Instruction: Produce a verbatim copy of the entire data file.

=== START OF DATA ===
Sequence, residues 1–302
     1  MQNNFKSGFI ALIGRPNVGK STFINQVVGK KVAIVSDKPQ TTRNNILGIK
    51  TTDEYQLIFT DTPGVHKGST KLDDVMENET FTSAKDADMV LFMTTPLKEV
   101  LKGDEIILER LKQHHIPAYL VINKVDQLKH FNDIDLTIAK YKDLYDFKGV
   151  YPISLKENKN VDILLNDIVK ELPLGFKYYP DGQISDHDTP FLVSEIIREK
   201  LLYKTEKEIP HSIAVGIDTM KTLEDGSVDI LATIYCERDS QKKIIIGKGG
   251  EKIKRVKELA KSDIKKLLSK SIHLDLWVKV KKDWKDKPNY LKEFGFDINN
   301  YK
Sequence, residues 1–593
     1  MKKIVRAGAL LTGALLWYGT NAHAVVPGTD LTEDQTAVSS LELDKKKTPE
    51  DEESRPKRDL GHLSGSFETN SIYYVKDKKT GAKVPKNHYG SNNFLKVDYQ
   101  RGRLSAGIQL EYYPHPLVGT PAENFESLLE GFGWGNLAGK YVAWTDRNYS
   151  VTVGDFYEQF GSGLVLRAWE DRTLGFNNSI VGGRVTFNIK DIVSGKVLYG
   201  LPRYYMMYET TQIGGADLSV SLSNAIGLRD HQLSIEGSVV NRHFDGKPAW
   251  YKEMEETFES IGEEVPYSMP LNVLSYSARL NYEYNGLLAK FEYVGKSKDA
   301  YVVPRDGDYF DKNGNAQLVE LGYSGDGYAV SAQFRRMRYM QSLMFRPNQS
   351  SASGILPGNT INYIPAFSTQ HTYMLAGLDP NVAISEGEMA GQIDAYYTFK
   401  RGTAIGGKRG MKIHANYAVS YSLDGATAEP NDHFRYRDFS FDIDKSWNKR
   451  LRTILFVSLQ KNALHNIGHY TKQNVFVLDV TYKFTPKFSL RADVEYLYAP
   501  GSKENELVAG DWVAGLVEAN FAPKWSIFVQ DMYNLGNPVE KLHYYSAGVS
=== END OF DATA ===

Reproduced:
Sequence, residues 1–302
     1  MQNNFKSGFI ALIGRPNVGK STFINQVVGK KVAIVSDKPQ TTRNNILGIK
    51  TTDEYQLIFT DTPGVHKGST KLDDVMENET FTSAKDADMV LFMTTPLKEV
   101  LKGDEIILER LKQHHIPAYL VINKVDQLKH FNDIDLTIAK YKDLYDFKGV
   151  YPISLKENKN VDILLNDIVK ELPLGFKYYP DGQISDHDTP FLVSEIIREK
   201  LLYKTEKEIP HSIAVGIDTM KTLEDGSVDI LATIYCERDS QKKIIIGKGG
   251  EKIKRVKELA KSDIKKLLSK SIHLDLWVKV KKDWKDKPNY LKEFGFDINN
   301  YK
Sequence, residues 1–593
     1  MKKIVRAGAL LTGALLWYGT NAHAVVPGTD LTEDQTAVSS LELDKKKTPE
    51  DEESRPKRDL GHLSGSFETN SIYYVKDKKT GAKVPKNHYG SNNFLKVDYQ
   101  RGRLSAGIQL EYYPHPLVGT PAENFESLLE GFGWGNLAGK YVAWTDRNYS
   151  VTVGDFYEQF GSGLVLRAWE DRTLGFNNSI VGGRVTFNIK DIVSGKVLYG
   201  LPRYYMMYET TQIGGADLSV SLSNAIGLRD HQLSIEGSVV NRHFDGKPAW
   251  YKEMEETFES IGEEVPYSMP LNVLSYSARL NYEYNGLLAK FEYVGKSKDA
   301  YVVPRDGDYF DKNGNAQLVE LGYSGDGYAV SAQFRRMRYM QSLMFRPNQS
   351  SASGILPGNT INYIPAFSTQ HTYMLAGLDP NVAISEGEMA GQIDAYYTFK
   401  RGTAIGGKRG MKIHANYAVS YSLDGATAEP NDHFRYRDFS FDIDKSWNKR
   451  LRTILFVSLQ KNALHNIGHY TKQNVFVLDV TYKFTPKFSL RADVEYLYAP
   501  GSKENELVAG DWVAGLVEAN FAPKWSIFVQ DMYNLGNPVE KLHYYSAGVS